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From: Steve Harris <>
Subject: Re: selling sickness to the well
Date: 8 Aug 2005 13:59:28 -0700
Message-ID: <>

Bill wrote:
> > It was long a mystery to me why liberals hate businesses so much---
> > even honest businesses (save perhaps for the ones they happen to own--
> > and there are plenty of liberal businessmen).
> I don't think that's true. That's more Communism. It tends to be more issue
> oriented. Recently, for example, Tom DeLay tried to get protection for
> companies from being sued for putting MTBE in gasoline. Most Democrats and
> many Republicans were against this. DeLay had stopped the energy bill for
> several years over this. He finally gave in.


You missed the major point about the MTBE legislation: it didn't extend
protection to people whose ruptured tanks let it get into the water
supply, like the gas station on Sepulveda and Venice where I used to
live in LA (contaminated thew whole area). Rather, the legislation
would have extended protection from "deep pockets" lawsuits to the
*manufacturers* of MTBE, exactly as happens now with the vaccine and
cigarette manufacturers (who made deals).  And, to some extent, the way
we treat the makers of Jack Daniels and Smith and Wesson pistols.

The opponents of all this not only refused to correct this
tort-injustice (which lawyers cannot even see), they managed to spin it
all so the public wasn't even being told the truth about it(since the
public hates deep pocket liability, feeling somehow in the gut that
it's intrinsically wrong--- unless the target is some company they
don't like). You got taken in yourself. See my point?  These are lawyer
tactics. Liberal tactics. The tactics of those who would use the system
to take money from whoever has it, whether there's anything
intrinsically "fair" about doing so or not.

MBTE, by the way, was approved by the EPA and many other government
agencies. And was added to gasoline by companies trying to meet federal
clean air standards. A sanction given by the public for a problem which
the public gave their demand and sanction to fix. Sheesh.


From: Steve Harris <>
Subject: Re: selling sickness to the well
Date: 8 Aug 2005 15:20:33 -0700
Message-ID: <>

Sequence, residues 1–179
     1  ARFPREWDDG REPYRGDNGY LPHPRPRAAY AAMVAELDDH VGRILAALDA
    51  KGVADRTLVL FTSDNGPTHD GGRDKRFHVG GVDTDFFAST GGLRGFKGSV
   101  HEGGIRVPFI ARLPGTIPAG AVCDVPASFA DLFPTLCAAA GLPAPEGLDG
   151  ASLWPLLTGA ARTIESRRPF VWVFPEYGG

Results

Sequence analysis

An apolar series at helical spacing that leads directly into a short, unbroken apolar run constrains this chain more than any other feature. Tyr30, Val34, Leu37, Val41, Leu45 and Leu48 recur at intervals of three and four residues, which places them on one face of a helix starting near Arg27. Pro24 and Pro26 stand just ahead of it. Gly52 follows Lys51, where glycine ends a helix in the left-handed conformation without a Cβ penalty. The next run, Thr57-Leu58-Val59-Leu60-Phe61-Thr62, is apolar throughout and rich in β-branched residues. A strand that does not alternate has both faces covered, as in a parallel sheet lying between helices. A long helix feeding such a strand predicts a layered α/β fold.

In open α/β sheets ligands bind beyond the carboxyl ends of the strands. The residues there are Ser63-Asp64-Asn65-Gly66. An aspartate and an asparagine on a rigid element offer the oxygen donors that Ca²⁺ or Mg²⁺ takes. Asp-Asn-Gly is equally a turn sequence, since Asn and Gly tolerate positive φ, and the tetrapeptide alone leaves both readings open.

William Wagner wrote:
>    MTBE btw stinks a sure sign that it is harmful telling us to stay
> away.

It smells like the ether that it is. Many people react just as
reflexively to ethanol (which should have been used instead of MTBE,
all now agree).

>TEL or Tetra Ethel Lead  smells like juicy fruit gum.  Pleasant
> yet very toxic.  Is hard to use our senses  to avoid danger these days.

Or ever. Phosgene smells like fresh grass. Cysteine, which you need to
eat to stay alive, smells of rotten eggs.

>  My rule of thumb is if it won't  break down via  nature beware.
> Asbestos  comes to mind yet it is the particle size 4 microns  that
> imbeds  and causes problems in lung tissue.  Dust  even wood dust and
> radioactive tailings a few words not spoken recently hurt us.

Organic chemicals sometimes break down rapidly, and sometimes not. I
agree the unstable ones are best for general uses, when you can
identify them. As for minerals, they generally don't break down at all.
Asbestos comes from nature, you know. If we quit using every mineral we
dig out the ground that doesn't degrade, we'd have to stop
civilization. It's a case by case thing.

BTW, we probably killed more children by outlawing DDT than all the
wars in this century combined. They died of malaria to save a few
falcons and songbirds, a long way away. Was it worth it?

>   FWIW  Take out "Liberal tactics "   of your post and I would eat the
> right wing of any chicken at a barbecue with you.

Well, thanks a lot, Mr. King of the Hill.  But I put it there for a
reason. The issue of tort reform to stop deep-pockets lawsuits is
hardly politically neutral. In general, liberals have pushed to make
and keep deep-pockets tort laws, and conservatives have tried to fix
things. Being a libertarian, I agree with the conservatives on this
one, naturally. It's a simple issue of fairness. To a liberal, what's
"fair" is that the people with lots of money should be made to give it
away, end of story. That's WHY they fight to keep deep-pockets tort
law, which effectively does just that (and nevermind who really should
be blamed, if anyone). That's oversimplifying it a bit <g>, but the
whole truth is too long for you to ever read in a USENET post. I think
I have the essense of it.


From: Steve Harris <>
Subject: Re: selling sickness to the well
Date: 8 Aug 2005 15:31:16 -0700
Message-ID: <>

Bill wrote:

> Also, I'm not sure that MTBE was required only that a certain standard
> be met. Do they still use that?

I believe so-- it was up the manufacture of the gas whether to add it,
or use something more expensive like ethanol. Ethanol will never make
it as primary fuel, but it makes fine oxygenator gas additive to
decrease polution.

But all in all, the people who manufacture the chemical shouldn't be
liable for how it's used. And it's hard to even make the case that oil
companies who used it for an (EPA approved) gas additive should be
liable when service station tank failures spilled it into the ground

The problem is that you get no juice suing one lone service station,
which can contaminate the ground water of many counties and then go
bankrupt, giving you nothing. So liberals were in need of a witch or
scapegoat, and couldn't find one. And there you are. They should have
looked to the regulations which permitted ethers like MTBE to be used
as gas additives at all, but then they would have had to blame
themselves. And had to go the taxpayer for the cleanup money, instead
of the greedy rich corporations. Always a politically more dicey


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